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  1. 28 Jan '10 14:26
    with black playing the bad 3.... d6


    What is best for white?Or are they equal?

    5.Bxf7+ resulting in this position


    or 5.Qxd8+ possibly resulting in this position
  2. 28 Jan '10 16:01
    I would pick diagram 1 if those are the only 2 choices.
    In diagram 2 the extra pawn on the kingside feels less likely to be useful.
    In the first diagram blacks e5 pawn looks like a target.
  3. 28 Jan '10 17:54
    Originally posted by Ajuin
    with black playing the bad 3.... d6
    [pgn]1.e4 e5 2.Bc4 Nf6 3.d4 d6 4.dxe5 dxe5[/pgn]

    What is best for white?Or are they equal?

    5.Bxf7+ resulting in this position
    [fen]rnb4r/ppp2kpp/5n2/4p3/4P3/8/PPPN1PPP/R1B1K1NR b KQ - 0 8[/fen]

    or 5.Qxd8+ possibly resulting in this position
    [fen]rn1k1b1r/ppp2Bpp/8/5b2/8/8/PPP2PPP/RNB1K2R w KQ - 0 10[/fen]
    hi, i would say that the first diagram is better for white, principally because white has an extra pawn, which as Dale comments may or may not be useful, but hey a pawn is a pawn, and secondly white has a positional advantage in that the black e pawn is isolated and therefore potentially weak, especially as it rests upon a dark square and black having no dark squared bishop will find those dark squares difficult to protect. It may be a very slight advantage but its better than nothing
  4. 29 Jan '10 01:39
    I should've added diagram 1 is black to move,diagram 2 is white to move.Sorry.
    It probably wouldn't change your vote anyway.

    Ok,all valid points made.
    The way I see it

    diagram 1: black is a pawn down and has a problem child on e5 but he has the move,better development and freedom to quickly develop further.There's also opposite colored bishops so white must take care not to trade too readily which is also a small advantage for black.
    So if black can put pressure on white I think he'll be ok.But can he?

    diagram 2: black is a pawn down (if white wishes) and has trouble completing development.White,having the move is ready to rapidly complete development and can even consider to give up the extra pawn to develop even more quickly.
    So here it looks as if white can cause black headaches with the development issues but he needs to make a big decision: keep the extra pawn or not.

    I just can't decide.What would be more decisive,the weak e5 pawn or development?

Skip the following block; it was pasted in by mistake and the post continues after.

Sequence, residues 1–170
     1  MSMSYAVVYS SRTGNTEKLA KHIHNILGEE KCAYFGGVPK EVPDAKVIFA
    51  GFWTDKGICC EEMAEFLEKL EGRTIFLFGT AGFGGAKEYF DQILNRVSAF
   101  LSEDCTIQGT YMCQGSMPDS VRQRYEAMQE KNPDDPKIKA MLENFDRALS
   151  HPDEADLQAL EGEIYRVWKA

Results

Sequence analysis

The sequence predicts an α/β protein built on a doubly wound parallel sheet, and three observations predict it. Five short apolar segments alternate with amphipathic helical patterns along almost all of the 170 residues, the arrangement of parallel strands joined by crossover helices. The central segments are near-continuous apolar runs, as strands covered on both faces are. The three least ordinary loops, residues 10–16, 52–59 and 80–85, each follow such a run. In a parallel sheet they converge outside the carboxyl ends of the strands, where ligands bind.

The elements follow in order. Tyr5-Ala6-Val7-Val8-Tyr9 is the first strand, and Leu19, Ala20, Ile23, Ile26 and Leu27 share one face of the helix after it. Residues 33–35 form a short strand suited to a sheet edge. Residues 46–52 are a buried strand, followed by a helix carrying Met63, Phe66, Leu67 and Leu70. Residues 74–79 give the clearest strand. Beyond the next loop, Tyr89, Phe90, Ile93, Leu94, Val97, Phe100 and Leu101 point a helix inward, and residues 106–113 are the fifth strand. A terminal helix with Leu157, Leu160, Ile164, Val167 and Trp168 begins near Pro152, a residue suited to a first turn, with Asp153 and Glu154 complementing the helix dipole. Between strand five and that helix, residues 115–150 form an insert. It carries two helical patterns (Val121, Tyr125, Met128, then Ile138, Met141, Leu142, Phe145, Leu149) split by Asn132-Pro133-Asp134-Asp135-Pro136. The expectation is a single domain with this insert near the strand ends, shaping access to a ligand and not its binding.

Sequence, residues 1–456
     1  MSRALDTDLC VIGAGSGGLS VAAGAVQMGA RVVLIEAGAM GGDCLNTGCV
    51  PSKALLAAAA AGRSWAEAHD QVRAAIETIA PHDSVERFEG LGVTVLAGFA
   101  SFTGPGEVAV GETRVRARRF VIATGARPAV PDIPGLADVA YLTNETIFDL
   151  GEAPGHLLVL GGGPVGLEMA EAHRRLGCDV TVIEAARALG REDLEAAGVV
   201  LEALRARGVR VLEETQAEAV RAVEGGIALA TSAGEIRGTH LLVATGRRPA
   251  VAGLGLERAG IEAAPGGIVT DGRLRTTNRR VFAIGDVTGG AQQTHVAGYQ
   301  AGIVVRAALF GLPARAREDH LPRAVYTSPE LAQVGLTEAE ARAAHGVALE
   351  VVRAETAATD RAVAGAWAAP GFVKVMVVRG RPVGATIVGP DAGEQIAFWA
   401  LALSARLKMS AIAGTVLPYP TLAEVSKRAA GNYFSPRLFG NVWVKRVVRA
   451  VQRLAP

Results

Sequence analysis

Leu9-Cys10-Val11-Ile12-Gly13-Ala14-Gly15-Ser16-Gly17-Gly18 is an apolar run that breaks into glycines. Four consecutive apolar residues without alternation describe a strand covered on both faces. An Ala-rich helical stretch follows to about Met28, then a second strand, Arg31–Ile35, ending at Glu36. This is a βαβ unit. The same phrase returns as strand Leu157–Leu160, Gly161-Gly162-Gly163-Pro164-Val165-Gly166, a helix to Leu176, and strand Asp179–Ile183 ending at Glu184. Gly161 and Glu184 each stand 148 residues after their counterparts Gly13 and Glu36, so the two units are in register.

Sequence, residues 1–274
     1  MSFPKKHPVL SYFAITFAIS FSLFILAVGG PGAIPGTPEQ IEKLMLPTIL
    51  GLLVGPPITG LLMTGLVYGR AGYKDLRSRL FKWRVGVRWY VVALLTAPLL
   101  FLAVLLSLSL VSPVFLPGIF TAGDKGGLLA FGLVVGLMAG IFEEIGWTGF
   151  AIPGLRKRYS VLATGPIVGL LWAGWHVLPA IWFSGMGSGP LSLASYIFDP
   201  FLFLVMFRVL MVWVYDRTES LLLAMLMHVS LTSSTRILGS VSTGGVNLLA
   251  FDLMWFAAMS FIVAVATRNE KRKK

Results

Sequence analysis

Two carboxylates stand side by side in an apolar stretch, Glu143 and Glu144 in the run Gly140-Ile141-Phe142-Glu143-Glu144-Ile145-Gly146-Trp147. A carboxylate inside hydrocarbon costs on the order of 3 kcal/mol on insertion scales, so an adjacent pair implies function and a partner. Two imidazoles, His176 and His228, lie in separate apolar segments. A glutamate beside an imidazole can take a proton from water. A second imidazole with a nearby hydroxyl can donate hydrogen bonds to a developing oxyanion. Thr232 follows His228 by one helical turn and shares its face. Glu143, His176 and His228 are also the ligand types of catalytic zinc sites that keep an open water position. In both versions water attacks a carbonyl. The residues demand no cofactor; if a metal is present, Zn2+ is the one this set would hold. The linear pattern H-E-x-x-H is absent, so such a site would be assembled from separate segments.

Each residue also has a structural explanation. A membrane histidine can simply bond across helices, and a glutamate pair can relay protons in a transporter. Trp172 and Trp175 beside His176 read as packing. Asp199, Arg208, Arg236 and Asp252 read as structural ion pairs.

I find development very important so I tend to favor diagram 2.
    Guess I'll have to figure it out by trial and error
  5. 29 Jan '10 03:49
    "Guess I'll have to figure it out by trial and error."

    Or you could simply not try to figure it out at all.

    Why are you wasting your time looking a duff variation (3...d6?)
    If some mudhead is going play that then it does not matter which way you
    go the chances are you are going to win.

    When you study an opening you look at the established mainline
    and plausible alternatives. Try not to get bogged down in the junk
    that you may see once every 10 years in a blitz game.

    And anyway 4.dxe5 is against the spirit of Urusov. 4.Nf3 and 5.0-0
    develop develop develop.

    You come on here cluttering up my chess forum with Queens off after 6 moves.
    God knows how many Masters you have spinning in their graves.

    "But greenpawn, he will take the d-pawn 4....exd4 and hang on to it with 5...c5."



    OK don't listen to me. Listen to Woodworm.
    He's the only lad on here who has managed to beat Weyerstrass.
    He had that position. Look and learn.

    (OK boys I've sorted it, you can stop spinning).



    ps:
  6. 29 Jan '10 13:52
    Originally posted by greenpawn34
    "Guess I'll have to figure it out by trial and error."

    Or you could simply not try to figure it out at all.

    Why are you wasting your time looking a duff variation (3...d6?)
    If some mudhead is going play that then it does not matter which way you
    go the chances are you are going to win.

    When you study an opening you look at the established main ...[text shortened]... 3 Bf5d7 16. Bg5f4 Qd6b6 17. Qf3h5 Qb6d8 18. d6[/pgn]

    ps:
    I intend to use the Urusov to quickly reach a better endgame.

    Now I got them all spinning again (except Capablanca)

    Simply do not capture e5.Good idea!
  7. 29 Jan '10 17:22
    "I intend to use the Urusov to quickly reach a better endgame. "

    That is Sacrilege.

    But seriously it's a common error when students study an opening
    because no matter how good the book is it will not have all the answers
    and they will find an obscure a line or position that is not covered and
    get all flustered.

    Flustered enough to post the postion on here in an attempt to get answers
    from complete strangers. And that includes me.

    So forget these wee daft lines, especially if it's something as sharp as this.
    You must know and understand the tactical tricks and the postions that
    CAN and WILL arise.

    Right now post us a Urusov 20 mover with loads tactical whizz bangs just
    to show everyone what this gambit is all about and get the Masters settled
    down again.....including Capablanca.

    La Bourdonnais & McDonnell who played a series of matches containg some
    brilliant and fantastic games in the 1830's were both buried in the same cementary.
    Kensal Green All Souls' cemetery in London.

    The 5 o'clock news has just reported that this areas has been cordoned off
    due to unexplained vibrations. This is your fault.
  8. 30 Jan '10 02:59 / 2 edits
    Ok,I found our good friend Jude Acers willing to show us how it's done in exactly 20 moves



    Peace has returned to Kensal green.

    Btw,I don't use books for openings.